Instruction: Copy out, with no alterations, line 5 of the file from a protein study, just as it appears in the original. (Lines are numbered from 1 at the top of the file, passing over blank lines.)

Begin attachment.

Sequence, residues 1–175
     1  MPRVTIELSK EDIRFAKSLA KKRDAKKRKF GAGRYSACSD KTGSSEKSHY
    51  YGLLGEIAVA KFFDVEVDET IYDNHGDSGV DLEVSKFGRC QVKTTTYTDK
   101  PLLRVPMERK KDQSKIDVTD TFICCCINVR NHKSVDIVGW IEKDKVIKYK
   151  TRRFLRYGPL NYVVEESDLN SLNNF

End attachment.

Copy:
   151  TRRFLRYGPL NYVVEESDLN SLNNF